Movie Review: Angry Video Game Nerd (2014)

What did I watch? Angry Video Game Nerd: The Movie (2014) which I rented on Amazon.

The what the what the movie? Please go to Cinemassacre.com and watch a bunch of these videos. Then come back.

WOAH! This guy is funny. And he makes fun of stuff we grew up with, specifically video games! So, a movie? Is this one of those things where an SNL skit gets made into a movie and you wonder what warranted it becoming a movie? Yes.

So, is it Wayne’s World okay or Night Of The Roxbury unnecessary? And how bummed will we be if we really like this guy’s videos and it’s the latter? Kinda bummed. I’ll try to keep the spoilers light.

James Rolfe, the star (and writer, director, etc.) of this movie, deserves a few medals. There have been reviews with retro themes dedicated to pop culture items of the past, but they usually tend to be of the “remember when?” variety. Rolfe’s character, the Angry Video Game Nerd, might be the grown up version of the frustrated kids who now get to curse, emphatically, over the video games from yesterday, but it’s a smokescreen for a very thoughtful person who explains why the games he reviews, some obscure and others the most popular from that era, were terrible.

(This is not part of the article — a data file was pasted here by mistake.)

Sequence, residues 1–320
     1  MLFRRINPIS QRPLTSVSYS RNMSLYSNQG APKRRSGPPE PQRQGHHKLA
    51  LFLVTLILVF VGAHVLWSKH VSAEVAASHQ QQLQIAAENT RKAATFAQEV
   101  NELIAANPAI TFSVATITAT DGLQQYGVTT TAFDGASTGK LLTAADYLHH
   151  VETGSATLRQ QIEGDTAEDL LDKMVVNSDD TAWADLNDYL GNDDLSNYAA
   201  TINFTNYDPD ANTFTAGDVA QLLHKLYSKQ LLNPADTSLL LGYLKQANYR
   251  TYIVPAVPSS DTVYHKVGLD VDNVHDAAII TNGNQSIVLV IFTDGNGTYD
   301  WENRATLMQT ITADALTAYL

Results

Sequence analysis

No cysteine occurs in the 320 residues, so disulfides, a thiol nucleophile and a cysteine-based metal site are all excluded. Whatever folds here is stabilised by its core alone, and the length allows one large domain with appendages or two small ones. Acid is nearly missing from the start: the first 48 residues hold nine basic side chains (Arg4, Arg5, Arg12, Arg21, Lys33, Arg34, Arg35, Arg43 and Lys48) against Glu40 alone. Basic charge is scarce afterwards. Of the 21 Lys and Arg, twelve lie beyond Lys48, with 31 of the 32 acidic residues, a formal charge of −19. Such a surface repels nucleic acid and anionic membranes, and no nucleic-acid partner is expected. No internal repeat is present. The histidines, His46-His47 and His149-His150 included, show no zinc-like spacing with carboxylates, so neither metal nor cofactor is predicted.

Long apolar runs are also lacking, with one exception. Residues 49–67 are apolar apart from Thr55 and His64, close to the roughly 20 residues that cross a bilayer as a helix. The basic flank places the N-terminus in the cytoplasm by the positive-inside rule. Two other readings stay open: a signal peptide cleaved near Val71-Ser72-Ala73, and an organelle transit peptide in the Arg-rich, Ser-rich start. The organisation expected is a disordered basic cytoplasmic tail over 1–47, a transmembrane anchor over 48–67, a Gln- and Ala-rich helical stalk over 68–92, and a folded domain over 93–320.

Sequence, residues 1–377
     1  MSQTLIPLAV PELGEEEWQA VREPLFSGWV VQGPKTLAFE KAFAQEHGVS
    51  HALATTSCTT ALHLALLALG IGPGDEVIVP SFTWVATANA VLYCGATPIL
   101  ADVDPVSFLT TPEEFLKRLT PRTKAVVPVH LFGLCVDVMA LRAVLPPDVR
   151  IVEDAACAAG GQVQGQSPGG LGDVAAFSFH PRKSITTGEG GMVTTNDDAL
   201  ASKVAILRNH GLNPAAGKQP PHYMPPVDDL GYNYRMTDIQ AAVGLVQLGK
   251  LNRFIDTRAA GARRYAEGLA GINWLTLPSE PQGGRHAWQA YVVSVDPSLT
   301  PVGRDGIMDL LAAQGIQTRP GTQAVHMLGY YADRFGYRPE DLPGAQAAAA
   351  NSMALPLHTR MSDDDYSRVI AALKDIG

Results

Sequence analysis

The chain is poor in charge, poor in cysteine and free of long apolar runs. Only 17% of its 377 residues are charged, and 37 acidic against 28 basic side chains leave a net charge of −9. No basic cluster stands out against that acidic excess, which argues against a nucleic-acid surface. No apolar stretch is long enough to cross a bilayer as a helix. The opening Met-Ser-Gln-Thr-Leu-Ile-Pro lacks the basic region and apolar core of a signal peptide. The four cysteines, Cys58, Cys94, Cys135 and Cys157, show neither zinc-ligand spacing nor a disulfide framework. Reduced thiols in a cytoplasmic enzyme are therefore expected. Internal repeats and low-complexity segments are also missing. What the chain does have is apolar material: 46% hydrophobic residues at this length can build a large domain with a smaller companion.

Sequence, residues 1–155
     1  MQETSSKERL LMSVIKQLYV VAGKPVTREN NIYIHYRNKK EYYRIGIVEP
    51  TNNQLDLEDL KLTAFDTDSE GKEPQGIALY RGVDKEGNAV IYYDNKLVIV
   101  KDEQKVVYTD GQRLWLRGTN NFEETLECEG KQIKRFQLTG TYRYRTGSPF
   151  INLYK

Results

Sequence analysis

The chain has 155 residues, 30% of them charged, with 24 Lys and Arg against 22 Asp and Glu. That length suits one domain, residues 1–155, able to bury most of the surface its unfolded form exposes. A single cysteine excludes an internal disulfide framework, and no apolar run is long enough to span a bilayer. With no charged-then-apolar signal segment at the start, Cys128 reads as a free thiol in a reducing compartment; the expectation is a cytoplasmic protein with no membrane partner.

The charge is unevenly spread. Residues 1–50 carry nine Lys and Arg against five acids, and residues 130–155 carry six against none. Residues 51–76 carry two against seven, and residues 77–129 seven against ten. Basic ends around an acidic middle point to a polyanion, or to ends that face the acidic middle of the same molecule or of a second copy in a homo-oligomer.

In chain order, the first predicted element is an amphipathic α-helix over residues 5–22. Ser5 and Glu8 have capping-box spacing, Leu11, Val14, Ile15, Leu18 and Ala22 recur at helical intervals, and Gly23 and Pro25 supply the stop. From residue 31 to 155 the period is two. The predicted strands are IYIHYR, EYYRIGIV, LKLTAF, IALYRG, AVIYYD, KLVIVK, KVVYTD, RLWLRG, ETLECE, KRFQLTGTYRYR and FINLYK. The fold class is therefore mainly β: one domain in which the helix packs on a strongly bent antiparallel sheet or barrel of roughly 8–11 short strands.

It’s like going to a therapist and finding out that things in your life weren’t always your fault. In this case, you MIGHT not suck at video games. Rolfe the therapist shows you that TEAMS of people time after time made incomprehensible games and yet still released them because they knew you loved the Teenage Mutant Ninja Turtles. He could easily just play for a few minutes and say “this game, right? Remember? Pretty crappy. [swear word x10]” But every “what were they THINKING?” is countered with (especially as the series progresses) reasonable explanations as to why even the most dedicated video game lovers would regret pressing the “start” button at the first menu. You don’t just laugh because he’s making fun of it, you nod along because someone has eloquently [with creative swearing] pointed out what you had suspected when you were trying to play digital games that were in fact ruining your fun.

angryvideogamebotweb